NFL Mock Draft 2018: Projections for Top Prospects in Unpredictable 1st Round

Chris Roling@@Chris_RolingFeatured ColumnistMarch 31, 2018

Louisville quarterback Lamar Jackson runs a drill at the NFL football scouting combine in Indianapolis, Saturday, March 3, 2018. (AP Photo/Michael Conroy)
Michael Conroy/Associated Press

A common assumption this time of year is NFL teams are finalizing draft boards and fans are getting a better idea of where those boards stand and what their teams might do. 

Only one of those statements is true in 2018. 

The truth is, most outside of NFL front offices don't know what teams are thinking, and this year's draft period has lived up to the "smokescreen season" moniker. Disinformation flies each way as teams and agents try to make sure they position themselves for the situation they want. 

All players can do is keep grinding through the pro days and meets with teams, and all fans can do is grit their teeth and wait.

Here's a mock draft based on one possible scenario perhaps ready to unfold. 

       

2018 NFL Mock Draft

1. Cleveland Browns: Baker Mayfield, QB, Oklahoma

2. New York Giants: Sam Darnold, QB, USC

3. New York Jets: Josh Rosen, QB, UCLA

4. Cleveland Browns (via Houston Texans): Bradley Chubb, DE, NC State

5. Denver Broncos: Lamar Jackson, QB, Louisville

6. Indianapolis Colts: Saquon Barkley, RB, Penn State

7. Tampa Bay Buccaneers: Derwin James, S, Florida State

8. Chicago Bears: Quenton Nelson, G, Notre Dame

9. San Francisco 49ers: Roquan Smith, LB, Georgia

10. Oakland Raiders: Courtland Sutton, WR, SMU

11. Miami Dolphins: Minkah Fitzpatrick, DB, Alabama

12. Buffalo Bills: Josh Allen, QB, Wyoming

13. Washington Redskins: Calvin Ridley, WR, Alabama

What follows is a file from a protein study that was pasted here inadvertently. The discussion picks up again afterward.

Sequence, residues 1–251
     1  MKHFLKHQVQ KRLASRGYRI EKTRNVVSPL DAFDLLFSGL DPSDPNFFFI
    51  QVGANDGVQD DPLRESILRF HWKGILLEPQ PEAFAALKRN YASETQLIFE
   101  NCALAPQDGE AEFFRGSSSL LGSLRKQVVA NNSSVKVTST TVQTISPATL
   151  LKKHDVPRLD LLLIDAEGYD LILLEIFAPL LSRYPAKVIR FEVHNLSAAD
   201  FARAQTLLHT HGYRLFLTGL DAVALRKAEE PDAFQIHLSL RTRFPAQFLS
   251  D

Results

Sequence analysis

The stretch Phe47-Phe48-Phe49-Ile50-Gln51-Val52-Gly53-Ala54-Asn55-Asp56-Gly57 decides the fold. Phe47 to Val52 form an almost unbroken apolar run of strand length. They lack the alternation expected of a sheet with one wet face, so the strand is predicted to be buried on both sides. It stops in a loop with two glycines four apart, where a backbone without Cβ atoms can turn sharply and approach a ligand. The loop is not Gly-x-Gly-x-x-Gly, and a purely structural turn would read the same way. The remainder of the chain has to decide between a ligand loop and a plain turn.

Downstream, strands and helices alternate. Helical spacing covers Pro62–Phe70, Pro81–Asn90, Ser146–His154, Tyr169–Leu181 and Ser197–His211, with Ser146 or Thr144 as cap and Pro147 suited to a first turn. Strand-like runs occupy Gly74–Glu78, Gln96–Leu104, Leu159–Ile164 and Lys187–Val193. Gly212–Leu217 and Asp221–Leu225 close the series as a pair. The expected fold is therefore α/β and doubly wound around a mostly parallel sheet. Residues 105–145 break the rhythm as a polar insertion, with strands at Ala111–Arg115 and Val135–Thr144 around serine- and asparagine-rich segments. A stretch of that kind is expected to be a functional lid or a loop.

14. Green Bay Packers: Leighton Vander Esch, LB, Boise State

15. Arizona Cardinals: Vita Vea, DT, Washington

16. Baltimore Ravens: Harold Landry, DE/OLB, Boston College

17. Los Angeles Chargers: Tremaine Edmunds, LB, Virginia Tech

18. Seattle Seahawks: Isaiah Wynn, OT, Georgia

19. Dallas Cowboys: Mike McGlinchey, OT, Notre Dame

20. Detroit Lions: Derrius Guice, RB, LSU

21. Cincinnati Bengals: Mike Gesicki, TE, Penn State 

22. Buffalo Bills (via Kansas City Chiefs): Denzel Ward, CB, Ohio State

23. Los Angeles Rams: Billy Price, C/G, Ohio State

24. Carolina Panthers: Kolton Miller, OT, UCLA

25. Tennessee Titans: Da'Ron Payne, DT, Alabama

26. Atlanta Falcons: Maurice Hurst, DT, Michigan

27. New Orleans Saints: Will Hernandez, OG, UTEP

28. Pittsburgh Steelers: Marcus Davenport, DE/OLB, UTSA

29. Jacksonville Jaguars: Joshua Jackson, CB, Iowa

30. Minnesota Vikings: Isaiah Oliver, CB, Colorado

31. New England Patriots: James Daniels, OL, Iowa

32. Philadelphia Eagles: Mark Andrews, TE, Oklahoma 

         

1. Cleveland Browns: Baker Mayfield, QB, Oklahoma

Sue Ogrocki/Associated Press

What is to say the Cleveland Browns won't take the quarterback with the rarest set of skills in the draft? Especially when the team with the first pick happens to hold two in the first round? 

It doesn't get more intriguing than Mayfield, a 6'1" and 215-pound prospect with solid accuracy and the ability to extend plays with his feet. He's prototypical to the budding trend of offenses sweeping the league right now. 

Mentioning production here doesn't hurt, either. Last year alone he completed 70.5 percent of his passes, throwing for 4,627 yards and 43 touchdowns against six interceptions, making it two seasons in a row he completed north of 70 percent of his passes. 

This is also the Browns we're talking about, a team with pretty unique ideas when it comes to the quarterback position, as Cleveland.com's Chris Fedor pointed out: